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Wednesday, 3 June 1942

Senator ALLAN MacDONALD (Western Australia) . - I deplore the indecent haste with which the Government seeks to deal with this measure. The Senate has been given very short notice of this bill. No need exists for rushing it through, because the Treasury, I understand, is receiving a very steady flow of money from taxes, whilst it is not experiencing any difficulty in raising internal loans. The last Liberty Loan, for instance, was an outstanding success; and the current Liberty Loan is also proving successful. The explanation given by the Minister in charge of the bill (Senator Keane), that the Government requires this money in order to meet its commitments in respect of the requirements of allied troops in this country, does not convince me. Portion of those requirements has already been met by an inflation of the note issue. When the Government assumed office a few months ago, the note issue was approximately £72,000,000, whereas it now stands at £98,000,000, which represents an increase at the rate of approximately £3,250,000 a month. The Government is actually making a profit out of the requirements of allied troops in this country, because those troops are being paid in Australian currency, and the credit to meet that payment is an external credit under the lease-lend arrangement. Consequently, there is no need to rush this measure. I object to it.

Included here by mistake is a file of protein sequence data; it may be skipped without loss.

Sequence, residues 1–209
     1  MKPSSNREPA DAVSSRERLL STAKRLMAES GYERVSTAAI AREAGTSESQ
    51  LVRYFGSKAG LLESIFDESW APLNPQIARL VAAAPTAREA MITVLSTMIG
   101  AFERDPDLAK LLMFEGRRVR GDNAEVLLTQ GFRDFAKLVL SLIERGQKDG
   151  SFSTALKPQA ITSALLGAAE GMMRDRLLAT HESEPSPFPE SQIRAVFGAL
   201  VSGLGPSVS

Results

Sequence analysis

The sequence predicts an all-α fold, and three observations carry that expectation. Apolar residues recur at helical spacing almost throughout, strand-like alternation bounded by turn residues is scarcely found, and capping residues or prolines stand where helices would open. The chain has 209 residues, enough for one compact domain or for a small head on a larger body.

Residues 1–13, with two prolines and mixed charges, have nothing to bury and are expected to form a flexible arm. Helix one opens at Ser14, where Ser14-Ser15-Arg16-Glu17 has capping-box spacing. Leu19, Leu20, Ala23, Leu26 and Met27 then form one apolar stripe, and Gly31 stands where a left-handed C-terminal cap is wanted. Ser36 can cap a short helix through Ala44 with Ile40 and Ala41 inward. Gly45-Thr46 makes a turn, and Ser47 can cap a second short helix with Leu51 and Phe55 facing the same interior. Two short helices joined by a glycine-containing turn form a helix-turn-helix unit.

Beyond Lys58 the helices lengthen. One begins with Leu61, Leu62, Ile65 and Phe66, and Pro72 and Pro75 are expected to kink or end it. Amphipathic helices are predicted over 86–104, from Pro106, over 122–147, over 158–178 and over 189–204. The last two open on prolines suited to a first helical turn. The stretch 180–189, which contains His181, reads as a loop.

Clause agreed to.

Clauses 4 and 5 agreed to.

Title agreed to.

Bill reported without amendment; report adopted.

Bill read a third time.

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